Dr. Elaine M. Arbour, Assistant Superintendent in Claremont testimony opposing the 5 Bad Bills to undermine the Common Core
Testimony in support of the common care and improved assessment practices
I am writing this email to share my testimony in support of the use of the common core standards and improved assessment practices in our public schools.
As Chair of the New Hampshire School Administrators Association’s Southwest Region’s Curriculum Administrators, I have frequent contact with my colleagues throughout the Southwest region and the state. During the course of our interactions, it has become clear to me that my colleagues support the implementation of the Common Core State Standards (CCSS) as a means of improving the rigor and coordination of K-12 curriculum for New Hampshire’s children. (more…)
The highlight of the hearing was New Hampshire Education Commissioner Barry’s impassioned plea that, after 7 years, it is time to move on from the Common Core debate (video here)
The hearing started The bill’s sponsor, Rep. Lenette Peterson (R-Merrimack) introduces her bill briefly, with an illustration of the problem in how the Common Core teaches math. Other key points made it testimony: (more…)
After a long morning of Common Core testimony, first on HB 1239, the bill apparently intended to obstruct the adoption of any new academic standards (testimony here), and HB 1508, the one sentence bill to end New Hampshire’s use of the Common Core and the Smarter Balanced test (testimony here), Commissioner Virginia Barry closed the day with a impassioned plea that we should not allow a small group of opponents prevent New Hampshire public education from moving on to help children.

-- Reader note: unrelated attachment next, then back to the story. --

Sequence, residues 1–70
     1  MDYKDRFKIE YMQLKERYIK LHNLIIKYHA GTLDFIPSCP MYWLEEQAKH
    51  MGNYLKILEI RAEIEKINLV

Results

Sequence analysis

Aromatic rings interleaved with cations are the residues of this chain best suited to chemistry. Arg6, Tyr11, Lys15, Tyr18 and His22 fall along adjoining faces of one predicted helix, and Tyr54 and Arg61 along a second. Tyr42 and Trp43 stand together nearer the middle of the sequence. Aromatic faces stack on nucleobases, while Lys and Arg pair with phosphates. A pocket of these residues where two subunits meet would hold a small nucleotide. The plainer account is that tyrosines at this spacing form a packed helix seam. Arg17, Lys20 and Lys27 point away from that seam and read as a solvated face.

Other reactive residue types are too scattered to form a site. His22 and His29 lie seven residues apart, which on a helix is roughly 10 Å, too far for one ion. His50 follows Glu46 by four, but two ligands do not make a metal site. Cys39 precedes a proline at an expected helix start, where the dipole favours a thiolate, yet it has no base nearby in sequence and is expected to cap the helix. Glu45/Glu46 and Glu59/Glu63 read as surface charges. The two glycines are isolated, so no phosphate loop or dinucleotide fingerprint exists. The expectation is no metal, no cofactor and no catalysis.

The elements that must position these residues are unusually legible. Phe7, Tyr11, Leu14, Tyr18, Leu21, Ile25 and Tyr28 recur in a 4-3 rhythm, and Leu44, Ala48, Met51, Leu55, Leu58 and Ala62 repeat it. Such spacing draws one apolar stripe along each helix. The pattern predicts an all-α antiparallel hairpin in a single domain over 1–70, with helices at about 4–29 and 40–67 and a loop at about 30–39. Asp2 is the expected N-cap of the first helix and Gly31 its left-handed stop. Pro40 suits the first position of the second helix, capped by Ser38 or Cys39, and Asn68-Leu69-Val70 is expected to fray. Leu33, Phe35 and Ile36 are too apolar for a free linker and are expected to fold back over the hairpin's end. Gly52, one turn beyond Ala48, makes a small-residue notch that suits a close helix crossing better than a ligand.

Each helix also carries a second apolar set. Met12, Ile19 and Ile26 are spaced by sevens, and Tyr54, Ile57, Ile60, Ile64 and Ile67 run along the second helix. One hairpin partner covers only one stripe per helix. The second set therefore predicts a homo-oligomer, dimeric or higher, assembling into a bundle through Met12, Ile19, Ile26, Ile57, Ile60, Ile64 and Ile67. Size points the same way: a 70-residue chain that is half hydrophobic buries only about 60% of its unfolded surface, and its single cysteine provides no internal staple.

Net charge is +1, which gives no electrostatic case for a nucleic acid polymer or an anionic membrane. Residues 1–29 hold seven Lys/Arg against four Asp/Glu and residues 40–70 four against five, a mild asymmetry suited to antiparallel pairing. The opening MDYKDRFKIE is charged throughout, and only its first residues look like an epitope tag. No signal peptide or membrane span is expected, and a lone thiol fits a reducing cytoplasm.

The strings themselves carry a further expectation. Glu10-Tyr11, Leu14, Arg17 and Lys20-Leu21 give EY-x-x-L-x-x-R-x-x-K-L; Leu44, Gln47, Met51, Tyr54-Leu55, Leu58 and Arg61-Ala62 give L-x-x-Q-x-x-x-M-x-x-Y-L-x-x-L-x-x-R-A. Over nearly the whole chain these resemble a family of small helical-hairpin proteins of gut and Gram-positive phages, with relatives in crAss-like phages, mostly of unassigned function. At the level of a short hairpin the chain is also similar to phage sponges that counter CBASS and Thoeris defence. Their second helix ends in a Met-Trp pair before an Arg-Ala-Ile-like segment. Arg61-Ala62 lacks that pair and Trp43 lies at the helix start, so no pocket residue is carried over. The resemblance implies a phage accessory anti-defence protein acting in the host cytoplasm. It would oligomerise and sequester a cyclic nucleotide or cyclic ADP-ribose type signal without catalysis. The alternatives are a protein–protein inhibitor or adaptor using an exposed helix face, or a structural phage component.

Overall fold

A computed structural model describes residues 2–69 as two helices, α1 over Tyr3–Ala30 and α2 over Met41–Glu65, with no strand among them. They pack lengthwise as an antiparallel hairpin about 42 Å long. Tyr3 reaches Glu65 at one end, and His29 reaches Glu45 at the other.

Given in an obscure House committee room, Dr. Barry’s testimony (covered here, in the Union Leader) is an important statement about the direction and priorities of the Department of Education.
Below is the the Commissioner’s full testimony
House Bill 1508
This bill requires the State Board of Education to terminate all plans, programs, activities and expenditures relative to the implementation of the Common Core State Standards which have been adopted or may be adopted by the state board, including any assessment and instruction based upon such standards.
TESTIMONY OF VIRGINIA M. BARRY, COMMISSIONER
New Hampshire Department of Education
Thursday, February 6, 2014
Madame Chair and trusted House members: I am Virginia Barry, Commissioner of Education for the State of New Hampshire. I come to you today distressed given the fact that we are in our seventh year of discussion on the Common Core State Standards. Many schools are in their third year of implementation, others are in their second and first. Thousands of teachers, leaders, parents and school boards have committed to improving standards in public education. Many of these stakeholders are confused by how a small, loud group of misinformed individuals continues to distort information regarding Common Core State Standards.